I mean, nominate a businesswoman who was handed her position in business thanks to nepotism, has no political experience but a school board position she basically bought in the most liberal city in the state, and her only other experience was two years in the cabinet of the previous democrat governor who just so happen to leave office right before a massive recession. And add in the not so minor detail that she's never been married, has no children, and really has nothing in common with 95% of the people in the state.

And in continuation with this blog's tradition of telling people things they don't want to hear, I'll let you my three or so readers in on some scuttlebutt: There was a user on that subreddit who is a Wisconsin state employee who hates Walker on account of the witch-hunt going on within the ranks of his segment of the state government workforce based on who signed the recall petition back in 2012. According to this employee, a section of his colleagues who feel as he does about Walker decided to just abstain from voting in the gubernatorial race on account of their experience of working for Mary Burke when she was the commerce secretary. These state employees felt she was an incompetent disaster.

I realize that sounds rather like something I'm pulling out of my asshole. That is why I would refer the reader to this Milwaukee Journal Sentinel story about Burke being dismissed from her position at Trek Bicycle. This isn't about the main topic of the story, because the one of the two witnesses who is way more credible doesn't think Burke was necessarily incompetent as a corporate executive, just that dealing with people from all those different cultures made that job too much for her. But what confirmed what I heard in that bit of admittedly questionable subreddit-gossip was this quote from an individual in state government who worked under Mary Burke when she was commerce secretary:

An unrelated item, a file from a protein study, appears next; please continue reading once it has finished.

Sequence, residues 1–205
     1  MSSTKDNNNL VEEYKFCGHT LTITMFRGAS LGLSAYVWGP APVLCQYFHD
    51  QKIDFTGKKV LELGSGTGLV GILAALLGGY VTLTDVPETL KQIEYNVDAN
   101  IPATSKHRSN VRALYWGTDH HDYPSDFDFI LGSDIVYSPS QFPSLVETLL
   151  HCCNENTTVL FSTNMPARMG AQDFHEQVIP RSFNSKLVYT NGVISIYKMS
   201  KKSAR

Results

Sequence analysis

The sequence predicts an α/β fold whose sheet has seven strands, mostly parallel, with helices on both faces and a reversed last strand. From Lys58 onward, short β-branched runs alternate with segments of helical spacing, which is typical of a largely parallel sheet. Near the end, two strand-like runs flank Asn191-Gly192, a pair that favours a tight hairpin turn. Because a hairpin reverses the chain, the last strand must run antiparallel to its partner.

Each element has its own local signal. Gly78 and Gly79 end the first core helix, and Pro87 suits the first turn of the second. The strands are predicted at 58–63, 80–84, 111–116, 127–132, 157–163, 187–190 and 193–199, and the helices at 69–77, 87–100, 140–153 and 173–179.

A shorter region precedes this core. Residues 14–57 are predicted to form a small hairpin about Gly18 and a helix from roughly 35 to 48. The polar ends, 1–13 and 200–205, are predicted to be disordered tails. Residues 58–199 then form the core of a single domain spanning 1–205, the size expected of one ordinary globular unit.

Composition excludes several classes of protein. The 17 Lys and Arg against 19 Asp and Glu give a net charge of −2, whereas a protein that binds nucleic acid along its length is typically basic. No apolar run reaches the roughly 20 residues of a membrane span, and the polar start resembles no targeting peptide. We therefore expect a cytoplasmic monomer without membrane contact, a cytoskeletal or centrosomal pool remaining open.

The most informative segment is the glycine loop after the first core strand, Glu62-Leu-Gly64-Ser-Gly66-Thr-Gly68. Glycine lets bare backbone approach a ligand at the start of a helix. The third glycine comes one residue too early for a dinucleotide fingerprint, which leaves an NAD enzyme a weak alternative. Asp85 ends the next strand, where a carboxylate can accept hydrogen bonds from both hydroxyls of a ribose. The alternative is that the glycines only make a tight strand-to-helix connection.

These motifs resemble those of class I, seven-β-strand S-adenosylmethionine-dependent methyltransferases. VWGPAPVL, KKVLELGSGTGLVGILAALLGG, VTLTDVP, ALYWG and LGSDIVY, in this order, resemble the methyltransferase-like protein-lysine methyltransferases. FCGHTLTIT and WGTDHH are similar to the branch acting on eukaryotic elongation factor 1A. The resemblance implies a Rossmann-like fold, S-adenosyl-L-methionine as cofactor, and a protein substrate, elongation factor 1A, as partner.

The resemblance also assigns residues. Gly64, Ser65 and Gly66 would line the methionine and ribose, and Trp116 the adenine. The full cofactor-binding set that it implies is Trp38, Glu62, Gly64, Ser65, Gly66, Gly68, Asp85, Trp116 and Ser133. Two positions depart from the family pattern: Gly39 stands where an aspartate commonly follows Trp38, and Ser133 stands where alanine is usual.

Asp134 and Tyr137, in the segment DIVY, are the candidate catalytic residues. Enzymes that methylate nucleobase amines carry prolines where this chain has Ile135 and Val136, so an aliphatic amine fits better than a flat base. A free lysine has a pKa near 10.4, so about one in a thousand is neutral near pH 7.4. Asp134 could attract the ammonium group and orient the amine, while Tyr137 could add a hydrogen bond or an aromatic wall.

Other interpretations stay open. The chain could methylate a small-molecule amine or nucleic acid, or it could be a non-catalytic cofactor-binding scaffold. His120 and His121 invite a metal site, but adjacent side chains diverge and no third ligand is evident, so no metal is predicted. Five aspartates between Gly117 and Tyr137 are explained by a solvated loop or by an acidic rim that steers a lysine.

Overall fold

In a September 2006 email that first surfaced two weeks ago, [Cory] Nettles expressed a far harsher opinion of Burke.

"She's a disaster," Nettles wrote at the time to another political appointee who was still working under Burke at the state Department of Commerce.

Nettles recently said the note does not represent his current view of Burke's two-plus years running the commerce agency.

Nettles's recent denial of what he said previously doesn't sound terribly credible. What, after all, would have made him change his mind about such a strongly-held opinion?

So why did the Wisconsin Democratic Party choose such a weak candidate for such a vital race? One of two possibilities suggest themselves: They are either stupid and incompetent, or they simply took a dive. At this point, I find it fairly easy to believe both. As for Burke herself, I guess I feel about her the way I felt about Tom Barrett in the recall election: Her heart was certainly in the right place, but that wasn't enough to make her a strong choice for the candidacy in question. Both Barrett and Burke, after all, ran on not much more than not being Scott Walker, and as John Kerry learned in 2004, that particular tactic usually just isn't enough to carry the day in an election.

As you would expect, both houses of our well and truly gerrymandered state legislature also remain in Republican hands.